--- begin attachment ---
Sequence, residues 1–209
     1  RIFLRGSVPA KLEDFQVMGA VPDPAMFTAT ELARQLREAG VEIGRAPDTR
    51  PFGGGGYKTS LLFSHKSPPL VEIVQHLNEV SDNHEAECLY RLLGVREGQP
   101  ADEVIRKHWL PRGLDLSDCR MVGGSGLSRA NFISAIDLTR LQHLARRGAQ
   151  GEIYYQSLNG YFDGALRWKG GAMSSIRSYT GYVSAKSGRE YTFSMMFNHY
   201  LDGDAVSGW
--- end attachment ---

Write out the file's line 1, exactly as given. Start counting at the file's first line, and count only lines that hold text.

Sequence, residues 1–209